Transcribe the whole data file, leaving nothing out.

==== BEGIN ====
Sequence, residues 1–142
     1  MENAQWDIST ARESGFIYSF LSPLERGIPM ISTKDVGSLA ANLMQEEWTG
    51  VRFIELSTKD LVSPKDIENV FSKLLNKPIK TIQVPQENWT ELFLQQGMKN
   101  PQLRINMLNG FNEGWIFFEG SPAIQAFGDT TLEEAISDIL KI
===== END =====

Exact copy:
Sequence, residues 1–142
     1  MENAQWDIST ARESGFIYSF LSPLERGIPM ISTKDVGSLA ANLMQEEWTG
    51  VRFIELSTKD LVSPKDIENV FSKLLNKPIK TIQVPQENWT ELFLQQGMKN
   101  PQLRINMLNG FNEGWIFFEG SPAIQAFGDT TLEEAISDIL KI